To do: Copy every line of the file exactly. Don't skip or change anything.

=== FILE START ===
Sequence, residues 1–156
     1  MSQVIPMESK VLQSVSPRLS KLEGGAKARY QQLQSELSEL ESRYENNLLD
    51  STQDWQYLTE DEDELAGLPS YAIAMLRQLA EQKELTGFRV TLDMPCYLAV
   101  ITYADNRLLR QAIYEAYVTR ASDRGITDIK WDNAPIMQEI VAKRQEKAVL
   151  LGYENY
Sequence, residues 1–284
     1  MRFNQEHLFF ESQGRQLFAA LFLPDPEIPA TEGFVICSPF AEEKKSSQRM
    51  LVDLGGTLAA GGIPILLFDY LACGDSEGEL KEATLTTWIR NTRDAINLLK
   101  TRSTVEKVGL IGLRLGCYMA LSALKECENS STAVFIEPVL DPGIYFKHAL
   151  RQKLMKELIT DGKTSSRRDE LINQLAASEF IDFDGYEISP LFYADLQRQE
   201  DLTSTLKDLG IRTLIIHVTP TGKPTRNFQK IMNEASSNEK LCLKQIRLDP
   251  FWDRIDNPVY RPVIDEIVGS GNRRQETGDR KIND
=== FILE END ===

Sequence, residues 1–156
     1  MSQVIPMESK VLQSVSPRLS KLEGGAKARY QQLQSELSEL ESRYENNLLD
    51  STQDWQYLTE DEDELAGLPS YAIAMLRQLA EQKELTGFRV TLDMPCYLAV
   101  ITYADNRLLR QAIYEAYVTR ASDRGITDIK WDNAPIMQEI VAKRQEKAVL
   151  LGYENY
Sequence, residues 1–284
     1  MRFNQEHLFF ESQGRQLFAA LFLPDPEIPA TEGFVICSPF AEEKKSSQRM
    51  LVDLGGTLAA GGIPILLFDY LACGDSEGEL KEATLTTWIR NTRDAINLLK
   101  TRSTVEKVGL IGLRLGCYMA LSALKECENS STAVFIEPVL DPGIYFKHAL
   151  RQKLMKELIT DGKTSSRRDE LINQLAASEF IDFDGYEISP LFYADLQRQE
   201  DLTSTLKDLG IRTLIIHVTP TGKPTRNFQK IMNEASSNEK LCLKQIRLDP
   251  FWDRIDNPVY RPVIDEIVGS GNRRQETGDR KIND